'...in my view the biblical "answer" to the speculative problem of evil is this (drum roll, please): we don't have an answer. It's not that the Bible hasn't addressed the question so that we as humans are left with a shoulder-shrugging: "I don't know." The Bible has addressed the question, and God's response - as in  the book of Job - is that humans don't have an answer to the problem of evil, and we shouldn't claim to have one. It should remain an open question, one that we continue to ask in prayer and in our lives in response to the world's suffering.' 
J Todd Billings, Rejoicing in Lament: Wrestlng with Incurable Cancer & Life in Christ, p.21. 

Saturday, 9 March 2019


'...it was the same as with all people who are not exactly rich, but who want to resemble the rich, and for that reason only resemble each other: damasks, ebony, flowers, carpets, and bronzes, dark and gleaming - all that all people of a certain kind acquire in order to resemble people of a certain kind.' 
Leo Tolstoy, 'The Death of Ivan Ilyich' in The Death of Ivan Ilyich and Other Stories, p.57. 


'...the very fact of the death of a close acquaintence called up in all those who heard of it, as always, a feeling of joy that it was he who was dead and not I.' 
Leo Tolstoy, 'The Death of Ivan Ilyich' in The Death of Ivan Ilyich and Other Stories, p.40. 


'...faith is a form of imagination, because to have faith means that is one is living as though it is true that Jesus is Lord, that salvation has been won and that the kingdom is both present and future. Faith is not merely a form of assent to certain doctrines; it is much more a form of trusting, or actually living in, a new reality that God has amde. There is a sense in which faith is a form of make-believe; it means living as though everything that God says is true and has come about. In worship one acts as if it were true, but with the belief that it really is so. Imagination is central to faith and a playful attitude lies at the heart of worship, and it is these capacities that enable the believer to transcend the immediate world and experience the new. Play and imagination are central to religious experience.'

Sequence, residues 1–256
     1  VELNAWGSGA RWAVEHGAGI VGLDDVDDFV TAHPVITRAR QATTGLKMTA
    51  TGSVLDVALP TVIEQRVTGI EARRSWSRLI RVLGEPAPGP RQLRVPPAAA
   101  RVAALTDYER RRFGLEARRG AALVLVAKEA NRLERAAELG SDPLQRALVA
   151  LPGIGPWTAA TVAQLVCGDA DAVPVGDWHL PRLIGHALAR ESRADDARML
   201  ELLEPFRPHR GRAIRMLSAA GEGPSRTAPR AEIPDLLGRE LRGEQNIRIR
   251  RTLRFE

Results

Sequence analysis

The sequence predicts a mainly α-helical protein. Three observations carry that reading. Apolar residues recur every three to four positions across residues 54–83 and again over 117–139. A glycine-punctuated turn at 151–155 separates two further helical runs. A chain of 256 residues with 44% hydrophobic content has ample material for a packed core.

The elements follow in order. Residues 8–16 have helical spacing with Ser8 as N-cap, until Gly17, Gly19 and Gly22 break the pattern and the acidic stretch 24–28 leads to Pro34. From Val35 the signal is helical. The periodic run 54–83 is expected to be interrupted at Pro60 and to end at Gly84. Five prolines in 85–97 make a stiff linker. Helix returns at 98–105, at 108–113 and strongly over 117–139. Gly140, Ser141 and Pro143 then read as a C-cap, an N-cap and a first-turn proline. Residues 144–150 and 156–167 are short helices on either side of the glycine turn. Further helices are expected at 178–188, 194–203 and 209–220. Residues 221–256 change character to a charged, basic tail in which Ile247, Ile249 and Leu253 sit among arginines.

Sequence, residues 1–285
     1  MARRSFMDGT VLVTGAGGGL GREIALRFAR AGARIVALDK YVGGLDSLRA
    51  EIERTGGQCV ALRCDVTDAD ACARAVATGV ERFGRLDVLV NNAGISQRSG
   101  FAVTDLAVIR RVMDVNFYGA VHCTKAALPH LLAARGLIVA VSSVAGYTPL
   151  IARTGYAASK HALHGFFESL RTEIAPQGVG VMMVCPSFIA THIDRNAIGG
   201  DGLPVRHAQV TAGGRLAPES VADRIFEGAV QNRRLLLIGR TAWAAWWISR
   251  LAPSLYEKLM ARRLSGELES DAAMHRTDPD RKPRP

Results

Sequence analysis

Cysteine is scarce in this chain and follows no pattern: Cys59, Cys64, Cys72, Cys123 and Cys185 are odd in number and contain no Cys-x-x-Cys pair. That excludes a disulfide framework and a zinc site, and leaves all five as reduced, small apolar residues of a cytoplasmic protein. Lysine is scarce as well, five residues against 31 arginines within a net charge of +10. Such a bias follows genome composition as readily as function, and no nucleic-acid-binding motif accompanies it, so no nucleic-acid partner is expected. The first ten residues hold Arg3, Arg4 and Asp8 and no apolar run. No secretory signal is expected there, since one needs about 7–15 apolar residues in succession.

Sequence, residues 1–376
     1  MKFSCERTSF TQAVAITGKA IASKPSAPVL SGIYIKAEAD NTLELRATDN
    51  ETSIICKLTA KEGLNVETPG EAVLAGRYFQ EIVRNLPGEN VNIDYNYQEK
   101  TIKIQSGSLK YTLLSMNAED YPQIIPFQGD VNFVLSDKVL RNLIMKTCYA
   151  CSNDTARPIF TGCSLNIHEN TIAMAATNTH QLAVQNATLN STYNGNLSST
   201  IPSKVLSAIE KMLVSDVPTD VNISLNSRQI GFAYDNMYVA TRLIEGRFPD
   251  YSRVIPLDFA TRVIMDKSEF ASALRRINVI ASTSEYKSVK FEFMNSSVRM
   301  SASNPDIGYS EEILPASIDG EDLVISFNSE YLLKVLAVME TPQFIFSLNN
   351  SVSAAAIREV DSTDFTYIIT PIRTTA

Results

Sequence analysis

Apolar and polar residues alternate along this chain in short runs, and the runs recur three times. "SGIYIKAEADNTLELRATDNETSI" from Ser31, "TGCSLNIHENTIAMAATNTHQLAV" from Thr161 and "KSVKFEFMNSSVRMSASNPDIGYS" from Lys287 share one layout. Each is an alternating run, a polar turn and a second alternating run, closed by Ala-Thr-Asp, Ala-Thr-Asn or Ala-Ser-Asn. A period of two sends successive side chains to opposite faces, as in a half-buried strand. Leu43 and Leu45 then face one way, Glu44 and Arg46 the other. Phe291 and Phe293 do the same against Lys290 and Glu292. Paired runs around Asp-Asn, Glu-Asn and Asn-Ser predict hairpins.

Brian Edgar, The God Who Plays, p.36. 


'A life of Christian ministry. service, sacrifice and worship that does not embody, as part of it, the joy and delight of a playful relationship with God will become a duty bound and moralistic life that will have difficulty in developing a close, intimate relationship with the one who is our chief and best Friend. This is because a playful attitude lies at the heart of all close relationships. The absence of this kind of relationship has meant burnout for far too many Christians. Just as in everyday life work without play makes one dull, in the Christian life service without a playful relationship with God leads to spiritual dullness.' 
Brian Edgar, The God Who Plays, p.8.